Use Of Installation Effort To Evaluate And Design Drilled Displacement Piles In Fine-Grained Soils

NeSmith, W. Morgan
Organization: Deep Foundations Institute
Pages: 12
Publication Date: Jan 1, 2008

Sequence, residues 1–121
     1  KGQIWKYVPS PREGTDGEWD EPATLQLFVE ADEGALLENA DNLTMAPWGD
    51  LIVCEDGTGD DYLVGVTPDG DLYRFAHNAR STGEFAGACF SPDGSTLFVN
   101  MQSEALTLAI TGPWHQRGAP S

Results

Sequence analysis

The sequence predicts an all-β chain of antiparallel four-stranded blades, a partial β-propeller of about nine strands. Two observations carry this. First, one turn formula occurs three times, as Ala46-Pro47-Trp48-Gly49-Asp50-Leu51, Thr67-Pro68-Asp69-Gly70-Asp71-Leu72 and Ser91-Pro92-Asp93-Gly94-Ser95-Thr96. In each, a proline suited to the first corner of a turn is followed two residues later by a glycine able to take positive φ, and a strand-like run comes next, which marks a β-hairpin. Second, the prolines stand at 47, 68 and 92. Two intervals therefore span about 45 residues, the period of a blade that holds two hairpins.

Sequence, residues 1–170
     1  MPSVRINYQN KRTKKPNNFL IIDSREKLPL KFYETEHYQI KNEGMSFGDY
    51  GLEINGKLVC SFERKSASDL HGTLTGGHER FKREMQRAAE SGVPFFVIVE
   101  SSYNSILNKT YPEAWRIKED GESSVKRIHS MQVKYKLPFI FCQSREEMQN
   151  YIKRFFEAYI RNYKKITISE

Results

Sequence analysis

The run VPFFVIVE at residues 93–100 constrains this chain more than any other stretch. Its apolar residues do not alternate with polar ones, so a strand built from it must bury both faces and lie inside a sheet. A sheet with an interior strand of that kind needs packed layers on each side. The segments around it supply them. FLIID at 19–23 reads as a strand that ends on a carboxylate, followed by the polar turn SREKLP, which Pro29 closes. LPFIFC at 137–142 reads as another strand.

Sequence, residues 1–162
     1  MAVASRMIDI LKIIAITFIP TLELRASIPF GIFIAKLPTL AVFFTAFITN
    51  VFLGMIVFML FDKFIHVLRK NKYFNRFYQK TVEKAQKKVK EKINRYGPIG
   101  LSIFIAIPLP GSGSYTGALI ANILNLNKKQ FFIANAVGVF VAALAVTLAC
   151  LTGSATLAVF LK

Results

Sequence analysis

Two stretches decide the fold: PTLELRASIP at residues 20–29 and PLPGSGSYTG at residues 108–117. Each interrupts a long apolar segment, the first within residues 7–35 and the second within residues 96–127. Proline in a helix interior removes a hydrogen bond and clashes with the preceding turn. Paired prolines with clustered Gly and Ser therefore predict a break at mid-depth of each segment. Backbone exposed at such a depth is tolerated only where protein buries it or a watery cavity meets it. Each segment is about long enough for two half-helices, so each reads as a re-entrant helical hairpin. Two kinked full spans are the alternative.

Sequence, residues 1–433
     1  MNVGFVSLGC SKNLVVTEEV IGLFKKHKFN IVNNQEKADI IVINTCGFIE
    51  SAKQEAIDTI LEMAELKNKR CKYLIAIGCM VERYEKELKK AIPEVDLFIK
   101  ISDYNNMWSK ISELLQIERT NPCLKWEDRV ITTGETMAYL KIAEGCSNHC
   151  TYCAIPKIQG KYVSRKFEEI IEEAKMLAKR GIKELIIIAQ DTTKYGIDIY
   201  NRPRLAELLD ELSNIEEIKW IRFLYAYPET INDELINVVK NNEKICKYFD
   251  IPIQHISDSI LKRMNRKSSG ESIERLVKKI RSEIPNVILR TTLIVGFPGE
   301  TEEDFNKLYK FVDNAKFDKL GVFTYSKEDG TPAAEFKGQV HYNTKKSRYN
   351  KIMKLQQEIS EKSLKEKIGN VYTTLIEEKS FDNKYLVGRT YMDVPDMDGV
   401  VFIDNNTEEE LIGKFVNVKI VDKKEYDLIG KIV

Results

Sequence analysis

A drilled displacement pile program was utilized for the expansion of an existing power plant in Cohasset MN adjacent to the Mississippi River. The drilled displacement (DD) pile is an innovative foundation type that provides exceptional value in some geologies. In the U.S., DD piles have typically been used in coarse-grained soils due to the large friction capacities that can be generated by the piles in these conditions. This project was the first large scale experience for the project team where it was anticipated that significant portions of the DD pile capacity would be developed in primarily fine-grained soils. The project site consisted primarily of variable amounts of fill overlying predominantly low plasticity alluvial silts. In some cases, alluvial silty sand layers were encountered within the expected pile installation depths. Alluvial sands were typically encountered below the silts, in some cases within the expected pile installation depths. The project team developed a probe and pile load test program to address the variable subsurface conditions across the site. The program included monitoring various parameters (including applied torque and tool penetration rate) during the drilling portion of the pile installation using recently developed data acquisition techniques. This data was used to estimate the rig energy, or Installation Effort (IE), required for pile installation. IE profiles from the test and indicator piles were compared with subsurface data available from a number of previous site characterizations. Additionally, Cumulative IE values were compared to an in-house database of IE vs. DD Pile Capacity. Final production pile toe levels were based primarily on IE values selected from this comparison. The IE data collected during production was also used to address large variations in pile-cutoff elevation (relative to a fairly uniform ground surface elevation).
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